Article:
After my trip, as I mention in my post Introduction to Travel Hacking, I began learning about travel hacking, and that a major part of this was travel credit cards. As I researched this new topic, I began learning about different types of credit cards, cards that give bonus points for rotating or set categories (usually 3-5 points per dollar) vs. cards that give a lower, but set, amount on any purchase (usually 1 or 2.)

Cards that are used for one loyalty program vs. cards that are transferable to multiple programs. I also learned which points and miles are more valuable, therefore which travel cards are more valuable (more points does not always mean more value.) As I was learning all of this, I decided that travel cards were much more valuable, when used to travel, than cash back cards, and again, started applying.

At first I was hesitant about the annual fees on a lot of the better cards out there, often ranging from $70-100 each, with some up to just under $500! So, I stuck to the weaker, free, cards, but soon realized that cards can be cancelled before the next annual fee and that the benefits and bonuses of most of these cards vastly outweigh the annual fees. They offer benefits such as free checked bags, buddy passes, access to lounges and priority check in, and often the annual fee is waived for the first year.


The best part about these cards is definitely the signing bonus, and it is my favorite way to earn a lot of points, very quickly. Keep in mind, as I mentioned, different programs have different values, which I will discuss in a later post, so one point or mile, more often than not, does not equal one cent.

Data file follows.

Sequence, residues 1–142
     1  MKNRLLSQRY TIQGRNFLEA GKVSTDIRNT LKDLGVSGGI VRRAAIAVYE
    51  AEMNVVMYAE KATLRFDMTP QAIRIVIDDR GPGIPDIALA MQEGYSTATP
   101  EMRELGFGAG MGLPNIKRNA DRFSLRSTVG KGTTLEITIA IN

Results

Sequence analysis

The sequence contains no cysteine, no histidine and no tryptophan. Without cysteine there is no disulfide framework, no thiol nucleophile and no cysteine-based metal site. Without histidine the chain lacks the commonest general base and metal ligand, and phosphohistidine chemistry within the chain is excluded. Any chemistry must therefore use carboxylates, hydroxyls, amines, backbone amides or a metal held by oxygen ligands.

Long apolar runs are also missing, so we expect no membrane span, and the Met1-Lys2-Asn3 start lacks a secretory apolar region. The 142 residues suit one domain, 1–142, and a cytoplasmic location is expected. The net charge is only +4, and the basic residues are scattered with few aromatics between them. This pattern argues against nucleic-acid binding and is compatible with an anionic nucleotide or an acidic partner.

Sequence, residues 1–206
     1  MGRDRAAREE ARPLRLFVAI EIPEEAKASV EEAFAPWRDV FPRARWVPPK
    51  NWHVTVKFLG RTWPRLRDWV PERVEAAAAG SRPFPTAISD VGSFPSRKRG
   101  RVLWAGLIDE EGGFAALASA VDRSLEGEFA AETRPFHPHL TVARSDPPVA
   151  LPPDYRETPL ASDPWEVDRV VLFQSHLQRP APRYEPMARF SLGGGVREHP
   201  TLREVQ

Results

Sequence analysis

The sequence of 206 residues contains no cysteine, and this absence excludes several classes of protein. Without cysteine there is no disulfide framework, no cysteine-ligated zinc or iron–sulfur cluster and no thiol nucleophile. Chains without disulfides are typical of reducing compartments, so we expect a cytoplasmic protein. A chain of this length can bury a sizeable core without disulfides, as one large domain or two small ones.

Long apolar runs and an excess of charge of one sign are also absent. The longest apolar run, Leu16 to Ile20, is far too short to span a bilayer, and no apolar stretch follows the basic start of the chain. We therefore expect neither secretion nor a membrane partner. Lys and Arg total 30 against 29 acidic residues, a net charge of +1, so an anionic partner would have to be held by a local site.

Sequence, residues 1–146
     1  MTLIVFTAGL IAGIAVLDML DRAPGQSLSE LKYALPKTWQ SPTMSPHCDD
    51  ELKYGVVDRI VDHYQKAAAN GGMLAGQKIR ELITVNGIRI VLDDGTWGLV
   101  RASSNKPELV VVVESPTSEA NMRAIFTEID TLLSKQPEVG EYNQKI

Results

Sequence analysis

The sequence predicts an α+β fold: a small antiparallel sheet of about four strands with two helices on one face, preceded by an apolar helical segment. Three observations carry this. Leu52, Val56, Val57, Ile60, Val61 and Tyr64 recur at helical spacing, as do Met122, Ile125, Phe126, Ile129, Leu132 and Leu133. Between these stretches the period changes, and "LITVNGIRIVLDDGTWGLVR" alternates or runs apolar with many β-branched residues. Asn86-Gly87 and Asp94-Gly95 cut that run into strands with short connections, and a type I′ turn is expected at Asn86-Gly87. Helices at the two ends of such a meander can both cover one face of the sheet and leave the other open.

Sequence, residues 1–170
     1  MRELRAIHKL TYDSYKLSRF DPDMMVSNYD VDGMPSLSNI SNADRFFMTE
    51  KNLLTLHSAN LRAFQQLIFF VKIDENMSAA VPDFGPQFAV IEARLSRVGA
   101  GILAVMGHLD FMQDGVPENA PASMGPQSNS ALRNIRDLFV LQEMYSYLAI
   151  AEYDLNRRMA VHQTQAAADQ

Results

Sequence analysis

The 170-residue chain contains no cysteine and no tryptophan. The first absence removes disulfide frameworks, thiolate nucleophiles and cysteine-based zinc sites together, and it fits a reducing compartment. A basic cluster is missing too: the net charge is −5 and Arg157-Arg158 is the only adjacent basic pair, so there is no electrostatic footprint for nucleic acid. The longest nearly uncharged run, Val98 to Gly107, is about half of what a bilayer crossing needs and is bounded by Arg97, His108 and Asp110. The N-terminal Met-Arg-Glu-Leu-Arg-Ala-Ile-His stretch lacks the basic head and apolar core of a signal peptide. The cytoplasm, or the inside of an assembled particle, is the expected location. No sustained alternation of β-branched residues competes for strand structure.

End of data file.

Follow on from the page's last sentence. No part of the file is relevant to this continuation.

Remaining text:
Before I apply for a card, I will consider what benefits it comes with to decide if it would be worth keeping after the first six to nine months and paying the annual fee the next year, but I mainly look at the sign up bonus. I try to wait until a card has at least a bonus of 50,000 miles or points before applying. My highest bonus was 70,000 points with an un-waived annual fee of $89 and $5,000 minimum spending requirement in six months, but there are targeted promotions for up to 100,000 for certain cards.

There are also a few cards, like the American Express Starwood Preferred Guest (SPG, Starpoints) card, whose bonuses I have never seen reach above 30,000 points, but these cards, these points, are also widely considered the most valuable points out there because of its wide variety of transfer partners. This bonus is more valuable than some cards with a 50,000 point bonus.

Watch for the high rollers and apply without discrimination; they will all add to your mile/point balances and there is no such thing as having too many credit cards. At the time of writing, I have twenty active cards, with one more on it’s way and looking forward to many more, but I only use two to four for my everyday purchases.

Don’t worry too much about the required spending amounts to receive the sign up bonuses either, just Manufacturing Money Spent to hit them. Even with all of these cards, we travel hackers have excellent credit and pay off our cards in full each month. We are not rich, we just realize that paying the high interest rates on these cards highly outweighs the benefits of having them in the first place. Use these cards wisely, as a person would with a debit card, only buy what can be paid off, and enjoy the free travel that comes with it!


I will go further into detail about which credit cards are best, which to apply for first, how to manage all of these new cards and rewards programs, and much more info in later posts. Please post any questions you have and I will be happy to answer them!

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-The Travel Economist

Quick tip: Free Miles

Want to earn some free United Miles? Here’s an easy way that will take less than five minutes to complete! MyPoints is now offering 500 free United miles for simply signing up with MyPoints. No purchase necessary, but if you make a purchase totalling $25 or more within your first 30 days, you’ll get an additional 1,000 points. While this won’t get you a free flight, it will atleast get your account off the ground if you do not already have a United account or boost your account up a bit closer to a free flight if you already have some points!


Terms and Conditions